Macy's v. Strategic Marks, LLC: briefing on partial summary judgment motion, decision denying motion, and case docket
This case, Macy's v. Strategic Marks, LLC, is worth following in order to gain an understanding of potential pitfalls in "intent-to-use" trademark applications, as well as certain issues surrounding "heritage" brands. The U.S. District Court for the Northern District of California denied Macy's' motion for partial summary judgment in the case this week, writing:
"... Keeping in mind the Ninth Circuit's instruction that the 'intensely factual nature of trademark disputes' means that summary judgment 'is generally disfavored in the trademark arena,' [argh!] and drawing all inferences in the non-movant Defendant's favor, the Court finds that there are genuine, disputed issues of material fact as to the definitions of Defendant's services.... Specifically, the parties' dispute over the definitions of 'retail' and 'on-line'in Defendant's [Statements of Use submitted to the Trademark Office] could reasonably be resolved in favor of either party. The Court also finds that there are genuine, disputed issues concerning whether, under the Ninth Circuit's 'totality of circumstances' standard, Defendant's sales- and non-sales-related activities meet the 'use in commerce' requirement for service mark registration...."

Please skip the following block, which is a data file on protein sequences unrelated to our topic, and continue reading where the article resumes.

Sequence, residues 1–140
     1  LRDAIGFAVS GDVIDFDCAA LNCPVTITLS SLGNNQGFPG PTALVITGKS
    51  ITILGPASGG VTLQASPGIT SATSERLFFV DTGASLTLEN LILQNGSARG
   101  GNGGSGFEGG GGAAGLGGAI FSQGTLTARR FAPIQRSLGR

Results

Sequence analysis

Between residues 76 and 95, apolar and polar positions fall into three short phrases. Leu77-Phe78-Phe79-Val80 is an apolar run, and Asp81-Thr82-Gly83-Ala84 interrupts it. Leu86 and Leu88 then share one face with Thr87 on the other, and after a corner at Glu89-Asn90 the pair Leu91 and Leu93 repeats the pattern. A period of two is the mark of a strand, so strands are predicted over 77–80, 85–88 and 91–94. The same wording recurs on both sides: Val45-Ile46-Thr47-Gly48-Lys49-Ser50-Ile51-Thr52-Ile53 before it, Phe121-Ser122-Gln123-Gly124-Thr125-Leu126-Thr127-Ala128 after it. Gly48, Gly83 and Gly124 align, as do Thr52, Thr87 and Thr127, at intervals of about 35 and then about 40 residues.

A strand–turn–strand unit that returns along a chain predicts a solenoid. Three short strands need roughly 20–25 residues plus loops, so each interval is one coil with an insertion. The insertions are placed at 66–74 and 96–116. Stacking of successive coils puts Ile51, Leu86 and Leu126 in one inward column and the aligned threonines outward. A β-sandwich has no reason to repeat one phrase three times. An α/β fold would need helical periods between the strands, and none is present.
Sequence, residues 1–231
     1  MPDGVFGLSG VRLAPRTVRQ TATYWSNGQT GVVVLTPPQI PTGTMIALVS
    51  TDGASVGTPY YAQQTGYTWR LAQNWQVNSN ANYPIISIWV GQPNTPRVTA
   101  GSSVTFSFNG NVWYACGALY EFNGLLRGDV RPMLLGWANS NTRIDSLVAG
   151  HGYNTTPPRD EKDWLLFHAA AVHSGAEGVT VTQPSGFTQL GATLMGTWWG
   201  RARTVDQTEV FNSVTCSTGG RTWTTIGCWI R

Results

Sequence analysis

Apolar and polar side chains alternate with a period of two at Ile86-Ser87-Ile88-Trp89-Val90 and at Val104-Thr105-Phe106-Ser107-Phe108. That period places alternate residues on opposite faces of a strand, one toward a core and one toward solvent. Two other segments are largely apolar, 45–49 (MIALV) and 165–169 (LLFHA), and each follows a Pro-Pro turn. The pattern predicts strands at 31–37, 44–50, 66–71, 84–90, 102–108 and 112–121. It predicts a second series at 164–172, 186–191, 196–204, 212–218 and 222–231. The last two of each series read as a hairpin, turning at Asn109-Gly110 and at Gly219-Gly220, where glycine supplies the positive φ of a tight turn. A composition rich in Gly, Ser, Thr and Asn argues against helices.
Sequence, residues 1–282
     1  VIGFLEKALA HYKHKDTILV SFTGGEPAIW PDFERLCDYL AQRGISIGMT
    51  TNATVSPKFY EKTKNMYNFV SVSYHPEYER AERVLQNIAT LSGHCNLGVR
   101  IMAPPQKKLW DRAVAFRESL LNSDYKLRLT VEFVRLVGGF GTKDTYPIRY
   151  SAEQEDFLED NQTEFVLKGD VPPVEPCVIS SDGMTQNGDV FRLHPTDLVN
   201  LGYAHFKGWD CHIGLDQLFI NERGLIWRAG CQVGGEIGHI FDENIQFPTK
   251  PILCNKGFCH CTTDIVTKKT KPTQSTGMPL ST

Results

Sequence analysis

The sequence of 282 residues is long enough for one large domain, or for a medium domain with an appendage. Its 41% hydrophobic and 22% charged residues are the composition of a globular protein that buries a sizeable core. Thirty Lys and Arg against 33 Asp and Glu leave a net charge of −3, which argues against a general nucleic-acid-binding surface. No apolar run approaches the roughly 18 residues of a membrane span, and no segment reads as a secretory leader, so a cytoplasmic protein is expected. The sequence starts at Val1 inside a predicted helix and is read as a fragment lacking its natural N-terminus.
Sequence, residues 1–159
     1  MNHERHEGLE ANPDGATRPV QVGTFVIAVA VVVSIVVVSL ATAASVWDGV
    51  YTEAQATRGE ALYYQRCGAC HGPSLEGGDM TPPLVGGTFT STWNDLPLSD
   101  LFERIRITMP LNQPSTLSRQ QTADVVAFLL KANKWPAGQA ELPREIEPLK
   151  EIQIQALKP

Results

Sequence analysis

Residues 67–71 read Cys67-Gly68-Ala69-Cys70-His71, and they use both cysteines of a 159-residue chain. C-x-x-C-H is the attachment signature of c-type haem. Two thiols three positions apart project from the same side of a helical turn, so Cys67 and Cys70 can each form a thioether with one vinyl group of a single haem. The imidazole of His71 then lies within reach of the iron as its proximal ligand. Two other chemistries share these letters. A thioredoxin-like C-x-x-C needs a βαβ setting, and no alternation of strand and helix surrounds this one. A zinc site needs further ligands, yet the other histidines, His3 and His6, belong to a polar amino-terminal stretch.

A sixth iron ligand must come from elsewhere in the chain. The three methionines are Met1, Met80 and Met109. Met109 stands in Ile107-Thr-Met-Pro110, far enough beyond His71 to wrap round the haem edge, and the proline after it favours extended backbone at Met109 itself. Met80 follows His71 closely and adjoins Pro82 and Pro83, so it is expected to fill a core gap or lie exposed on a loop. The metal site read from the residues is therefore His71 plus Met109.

Note that excessively "strategic" intent-to-use applications are often viewed with disfavor. So if you're in the process of deciding on a name for your company, which will make extensive use of ITU applications, you might want to steer clear of the word "strategic." Don't call the company "Mark Warehouse, LLC," either. Just a thought.
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